Commissioners’ Views. Chairman Giancarlo, who spent nearly 15 years at an operator of swaps marketplaces before entering government service, championed the proposal. He believes the Commission’s current rules unwisely limit SEFs to two methods of execution (order book and request-for-quote), which led to the unintended consequence of placing discovery and liquidity formation with introducing brokers rather than with SEFs. The proposed changes are in line with positions in his previous white papers calling for changes to bring “daylight to the marketplace” by subjecting more swap products to SEF recordkeeping and oversight.
Commissioners Quintenz, Stump, and Behnam also voted for the proposal, though Commissioner Behnam made clear that he would have voted against it if the vote was on final approval. He highlighted the importance of public comment on the proposed rule, and looks forward to a “thoughtful, inclusive, well-reasoned debate that limits changes to those issues that will result in policy consistent with congressional intent and the overarching goals of supporting strong, liquid, transparent markets.”
Commissioner Berkovitz, who worked on the original SEF rules when he served as the Commission’s General Counsel from 2009-2013, voted against the proposed rule. In a lengthy dissent, he explained his views that the proposed changes would reduce competition and diminish price transparency in the swaps market, leading to higher costs for end users and increases in systemic risks. He also criticized the proposal on grounds that it “abandon[s] the commitments the United States made at the G20 Summit in Pittsburgh in 2009,” and would give SEFs too much discretion to set their own rules, and thereby weaken the CFTC’s regulatory oversight and enforcement capabilities.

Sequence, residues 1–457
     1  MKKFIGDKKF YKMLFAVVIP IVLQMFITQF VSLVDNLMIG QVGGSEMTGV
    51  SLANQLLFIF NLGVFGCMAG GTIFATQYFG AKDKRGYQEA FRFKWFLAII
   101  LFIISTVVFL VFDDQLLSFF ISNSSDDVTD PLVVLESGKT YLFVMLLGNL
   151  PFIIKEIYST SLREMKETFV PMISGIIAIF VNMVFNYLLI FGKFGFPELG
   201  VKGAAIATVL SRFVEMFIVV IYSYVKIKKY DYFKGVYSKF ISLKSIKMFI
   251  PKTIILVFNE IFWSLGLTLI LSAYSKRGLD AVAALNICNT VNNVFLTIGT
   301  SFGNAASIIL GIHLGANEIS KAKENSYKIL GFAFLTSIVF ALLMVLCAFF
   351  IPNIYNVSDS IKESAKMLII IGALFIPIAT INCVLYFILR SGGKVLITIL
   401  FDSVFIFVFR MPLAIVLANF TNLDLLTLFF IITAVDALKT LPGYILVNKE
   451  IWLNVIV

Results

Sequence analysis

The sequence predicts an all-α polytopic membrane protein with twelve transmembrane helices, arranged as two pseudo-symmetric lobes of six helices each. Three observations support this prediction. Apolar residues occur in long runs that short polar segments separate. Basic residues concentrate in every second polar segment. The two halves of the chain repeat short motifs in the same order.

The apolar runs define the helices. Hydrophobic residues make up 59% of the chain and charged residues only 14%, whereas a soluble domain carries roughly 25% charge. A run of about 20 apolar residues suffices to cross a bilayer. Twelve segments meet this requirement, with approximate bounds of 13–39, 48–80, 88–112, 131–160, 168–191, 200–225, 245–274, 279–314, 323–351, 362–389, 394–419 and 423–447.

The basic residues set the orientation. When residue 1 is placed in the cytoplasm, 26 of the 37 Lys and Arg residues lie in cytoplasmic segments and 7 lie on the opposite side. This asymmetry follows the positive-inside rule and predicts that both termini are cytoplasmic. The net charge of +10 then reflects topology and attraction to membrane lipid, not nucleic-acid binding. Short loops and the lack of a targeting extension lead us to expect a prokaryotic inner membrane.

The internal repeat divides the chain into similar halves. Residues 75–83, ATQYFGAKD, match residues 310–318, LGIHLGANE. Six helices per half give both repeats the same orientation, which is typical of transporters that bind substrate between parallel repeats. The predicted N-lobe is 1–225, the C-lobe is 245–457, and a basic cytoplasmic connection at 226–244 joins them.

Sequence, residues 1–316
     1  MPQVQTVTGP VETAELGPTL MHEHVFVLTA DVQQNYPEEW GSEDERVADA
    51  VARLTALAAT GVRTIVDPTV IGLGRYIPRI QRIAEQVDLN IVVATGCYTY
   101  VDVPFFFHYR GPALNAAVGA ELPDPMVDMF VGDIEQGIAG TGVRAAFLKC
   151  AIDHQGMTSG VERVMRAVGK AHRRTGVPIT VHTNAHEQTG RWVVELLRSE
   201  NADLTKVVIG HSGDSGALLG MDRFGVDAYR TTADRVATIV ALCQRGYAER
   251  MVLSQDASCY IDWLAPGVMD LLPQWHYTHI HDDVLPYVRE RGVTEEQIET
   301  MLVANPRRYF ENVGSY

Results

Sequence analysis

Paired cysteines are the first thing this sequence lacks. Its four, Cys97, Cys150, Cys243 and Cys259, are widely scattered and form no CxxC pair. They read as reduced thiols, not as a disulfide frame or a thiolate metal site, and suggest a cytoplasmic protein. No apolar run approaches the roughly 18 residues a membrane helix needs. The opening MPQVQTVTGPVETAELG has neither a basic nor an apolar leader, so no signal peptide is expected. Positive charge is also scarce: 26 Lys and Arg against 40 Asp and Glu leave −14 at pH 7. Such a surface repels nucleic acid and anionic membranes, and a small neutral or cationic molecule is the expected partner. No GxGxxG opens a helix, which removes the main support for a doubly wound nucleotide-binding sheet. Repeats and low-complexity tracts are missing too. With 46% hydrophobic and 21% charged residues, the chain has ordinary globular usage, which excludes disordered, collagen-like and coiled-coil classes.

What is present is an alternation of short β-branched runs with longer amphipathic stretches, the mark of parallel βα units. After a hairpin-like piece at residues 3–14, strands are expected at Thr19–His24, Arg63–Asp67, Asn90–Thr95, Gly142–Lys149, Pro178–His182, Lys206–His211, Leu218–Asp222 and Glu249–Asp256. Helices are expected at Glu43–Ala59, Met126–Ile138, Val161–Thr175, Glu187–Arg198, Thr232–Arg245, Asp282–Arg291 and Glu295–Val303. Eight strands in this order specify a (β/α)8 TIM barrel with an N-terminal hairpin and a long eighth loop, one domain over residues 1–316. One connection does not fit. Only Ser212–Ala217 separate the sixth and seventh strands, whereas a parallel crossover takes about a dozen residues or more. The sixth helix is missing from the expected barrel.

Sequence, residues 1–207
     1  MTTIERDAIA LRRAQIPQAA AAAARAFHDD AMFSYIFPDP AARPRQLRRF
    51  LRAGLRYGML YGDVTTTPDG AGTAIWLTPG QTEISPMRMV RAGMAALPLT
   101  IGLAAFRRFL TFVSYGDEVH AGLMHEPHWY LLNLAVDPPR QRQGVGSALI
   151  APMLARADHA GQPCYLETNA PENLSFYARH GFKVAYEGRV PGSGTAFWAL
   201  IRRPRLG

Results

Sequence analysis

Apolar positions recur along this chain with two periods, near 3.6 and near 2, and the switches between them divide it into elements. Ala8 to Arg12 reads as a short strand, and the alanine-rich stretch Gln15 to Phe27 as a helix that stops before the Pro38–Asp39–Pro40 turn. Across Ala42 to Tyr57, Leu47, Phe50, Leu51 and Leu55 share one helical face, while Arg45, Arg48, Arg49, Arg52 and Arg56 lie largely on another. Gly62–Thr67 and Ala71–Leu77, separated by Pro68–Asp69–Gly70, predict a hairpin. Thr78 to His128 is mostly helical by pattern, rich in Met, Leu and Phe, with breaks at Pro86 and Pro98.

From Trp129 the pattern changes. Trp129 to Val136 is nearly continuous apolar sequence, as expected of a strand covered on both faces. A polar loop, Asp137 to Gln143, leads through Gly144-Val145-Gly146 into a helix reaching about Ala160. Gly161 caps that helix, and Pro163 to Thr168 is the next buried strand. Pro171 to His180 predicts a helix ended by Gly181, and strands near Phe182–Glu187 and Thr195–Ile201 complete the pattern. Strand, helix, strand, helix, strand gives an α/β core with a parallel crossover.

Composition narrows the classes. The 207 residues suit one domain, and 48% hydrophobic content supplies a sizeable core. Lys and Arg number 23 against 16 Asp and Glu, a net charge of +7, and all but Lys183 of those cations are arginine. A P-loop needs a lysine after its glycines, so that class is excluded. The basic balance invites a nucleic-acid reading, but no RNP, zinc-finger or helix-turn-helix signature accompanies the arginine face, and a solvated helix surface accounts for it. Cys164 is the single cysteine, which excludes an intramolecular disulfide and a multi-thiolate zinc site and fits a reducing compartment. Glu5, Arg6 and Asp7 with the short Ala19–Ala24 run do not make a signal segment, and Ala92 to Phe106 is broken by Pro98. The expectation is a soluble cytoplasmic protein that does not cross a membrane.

A fact sheet on the proposed changes to the SEF rules can be viewed here.
Post-Trade Name Give-Up
All of the commissioners supported the request for public comment on the necessity or utility of post-trade name give-up practices pertaining to swap transactions that are anonymously executed (i.e., on a SEF or DCM) and intended to be cleared.
In issuing the request for comment as a request for feedback and not as a proposed rule, Chairman Giancarlo acknowledged that there are a range of perspectives on this practice. “I have an open mind as to the advisability of restrictions on the practice and what form a rule would take, if at all,” he said.
Commissioner Stump, in voting to request feedback, called on the Commission to opine on a final SEF rule and a final rule on name give-up at the same time. In order for that to happen, the Commission would likely need to issue a proposed rule on post-trade name give-up before it considers the comments it receives on the proposed changes to the SEF rules. Both Commissioners Berkovitz and Behnam also urged that the issues be merged into the final rule if at all possible. It is unclear at present whether such an option would then delay publication of any final changes to the SEF rules.